Alternative fuel vehicles are chewing up the racetrack. A modified Le Mans car from Drayson Technologies with electric drive set an EV land speed record of 204 mph. Earlier in the week, Audi again won the 24 Hours of Le Mans endurance race driving a diesel hybrid car that bested most of the competition on efficiency and fewer pit stops. Audi has now won Le Mans six times since 2006 with diesels, including the past three years with diesel hybrids. Jaguar is concocting a hybrid supercar with 850 hp, almost half of that from electric motors. If “race on Sunday, sell on Monday” still has traction, the success of alternative propulsion in competition and limited production vehicles may jump start mass production EVs, hybrids, and diesels.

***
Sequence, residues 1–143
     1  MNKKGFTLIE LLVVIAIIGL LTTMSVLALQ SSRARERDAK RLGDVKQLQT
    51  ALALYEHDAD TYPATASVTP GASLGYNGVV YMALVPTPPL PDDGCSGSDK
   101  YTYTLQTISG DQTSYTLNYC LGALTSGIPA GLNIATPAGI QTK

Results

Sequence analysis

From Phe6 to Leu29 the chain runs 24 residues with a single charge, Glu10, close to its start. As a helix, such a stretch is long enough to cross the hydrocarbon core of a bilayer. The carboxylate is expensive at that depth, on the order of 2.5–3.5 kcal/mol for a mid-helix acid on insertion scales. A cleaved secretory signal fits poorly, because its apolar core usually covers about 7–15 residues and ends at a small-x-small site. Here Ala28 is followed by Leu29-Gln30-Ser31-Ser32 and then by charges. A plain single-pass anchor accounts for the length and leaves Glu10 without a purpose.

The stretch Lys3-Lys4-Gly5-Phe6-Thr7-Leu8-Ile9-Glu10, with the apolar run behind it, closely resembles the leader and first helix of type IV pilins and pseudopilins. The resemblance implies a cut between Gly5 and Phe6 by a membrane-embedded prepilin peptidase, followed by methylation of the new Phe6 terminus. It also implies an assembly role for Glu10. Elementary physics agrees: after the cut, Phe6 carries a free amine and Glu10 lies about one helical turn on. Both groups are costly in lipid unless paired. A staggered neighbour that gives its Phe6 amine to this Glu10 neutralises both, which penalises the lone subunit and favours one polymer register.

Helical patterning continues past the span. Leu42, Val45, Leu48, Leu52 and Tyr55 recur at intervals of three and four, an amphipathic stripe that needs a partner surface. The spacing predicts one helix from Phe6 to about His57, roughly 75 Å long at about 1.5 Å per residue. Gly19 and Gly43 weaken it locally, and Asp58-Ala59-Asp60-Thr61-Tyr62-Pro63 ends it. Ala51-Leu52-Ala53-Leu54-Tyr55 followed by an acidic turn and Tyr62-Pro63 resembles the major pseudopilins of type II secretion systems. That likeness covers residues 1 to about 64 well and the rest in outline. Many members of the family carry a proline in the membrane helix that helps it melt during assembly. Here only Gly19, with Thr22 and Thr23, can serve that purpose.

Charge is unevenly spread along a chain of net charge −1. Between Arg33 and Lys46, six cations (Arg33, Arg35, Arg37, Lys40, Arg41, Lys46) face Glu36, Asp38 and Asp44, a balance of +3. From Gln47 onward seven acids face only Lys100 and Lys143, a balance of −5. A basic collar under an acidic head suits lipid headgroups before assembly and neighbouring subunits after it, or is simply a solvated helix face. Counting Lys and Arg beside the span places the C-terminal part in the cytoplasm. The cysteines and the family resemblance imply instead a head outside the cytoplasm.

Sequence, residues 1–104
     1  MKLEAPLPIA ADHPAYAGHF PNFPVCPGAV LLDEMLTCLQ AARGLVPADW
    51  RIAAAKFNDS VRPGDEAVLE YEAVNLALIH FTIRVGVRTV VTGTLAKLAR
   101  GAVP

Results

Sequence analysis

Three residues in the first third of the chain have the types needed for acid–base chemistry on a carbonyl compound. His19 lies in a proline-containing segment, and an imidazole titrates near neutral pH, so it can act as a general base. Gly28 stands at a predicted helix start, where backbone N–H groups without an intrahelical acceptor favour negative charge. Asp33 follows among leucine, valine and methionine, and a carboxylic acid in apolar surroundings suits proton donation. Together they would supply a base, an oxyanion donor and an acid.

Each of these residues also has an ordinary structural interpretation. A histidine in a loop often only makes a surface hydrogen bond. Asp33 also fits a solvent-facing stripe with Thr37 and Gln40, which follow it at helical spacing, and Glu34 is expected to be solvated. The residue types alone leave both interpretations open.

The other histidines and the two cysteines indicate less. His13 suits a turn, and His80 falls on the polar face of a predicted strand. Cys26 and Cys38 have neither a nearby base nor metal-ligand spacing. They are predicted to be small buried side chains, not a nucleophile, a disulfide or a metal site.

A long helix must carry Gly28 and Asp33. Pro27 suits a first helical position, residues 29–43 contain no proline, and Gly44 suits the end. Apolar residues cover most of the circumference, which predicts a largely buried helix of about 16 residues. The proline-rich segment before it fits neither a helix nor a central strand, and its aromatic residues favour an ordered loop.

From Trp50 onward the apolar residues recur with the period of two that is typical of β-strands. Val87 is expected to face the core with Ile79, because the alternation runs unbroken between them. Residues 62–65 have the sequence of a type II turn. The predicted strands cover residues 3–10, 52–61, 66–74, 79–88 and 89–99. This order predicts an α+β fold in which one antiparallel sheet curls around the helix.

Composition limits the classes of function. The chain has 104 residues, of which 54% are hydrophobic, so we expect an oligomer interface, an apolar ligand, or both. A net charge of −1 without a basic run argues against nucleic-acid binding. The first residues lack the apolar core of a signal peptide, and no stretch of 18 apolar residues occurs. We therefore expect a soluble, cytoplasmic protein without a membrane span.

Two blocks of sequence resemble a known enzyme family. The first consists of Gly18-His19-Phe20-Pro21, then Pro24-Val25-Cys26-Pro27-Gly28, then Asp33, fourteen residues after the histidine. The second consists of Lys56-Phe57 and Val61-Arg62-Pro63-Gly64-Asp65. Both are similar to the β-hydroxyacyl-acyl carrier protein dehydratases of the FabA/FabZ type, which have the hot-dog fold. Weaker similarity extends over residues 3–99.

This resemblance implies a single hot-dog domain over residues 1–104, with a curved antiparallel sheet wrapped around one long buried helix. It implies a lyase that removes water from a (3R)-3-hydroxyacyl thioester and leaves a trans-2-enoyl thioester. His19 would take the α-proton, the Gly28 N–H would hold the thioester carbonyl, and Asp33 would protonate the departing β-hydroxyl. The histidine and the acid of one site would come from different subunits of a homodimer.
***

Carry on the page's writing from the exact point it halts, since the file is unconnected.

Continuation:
In the UK, an electric-power Drayson B12 69/EV Le Mans prototype reached 204.185 mph or 328.6 kph at a track at the Royal Air Force Elvington base in Yorkshire. The previous best was 175 mph set by a Battery Box General Electric car in 1974. To qualify for the FIA (Federation Internationale de l’Automobile) record book, the Drayson car had to weigh less than 1,000 kg (2,204 pounds). The team led by Paul Drayson, a Labor Party politician who founded Drayson in 2007, removed the car’s bio-ethanol engine and swapped in a light 20 kWh battery and electric motors producing 850 hp.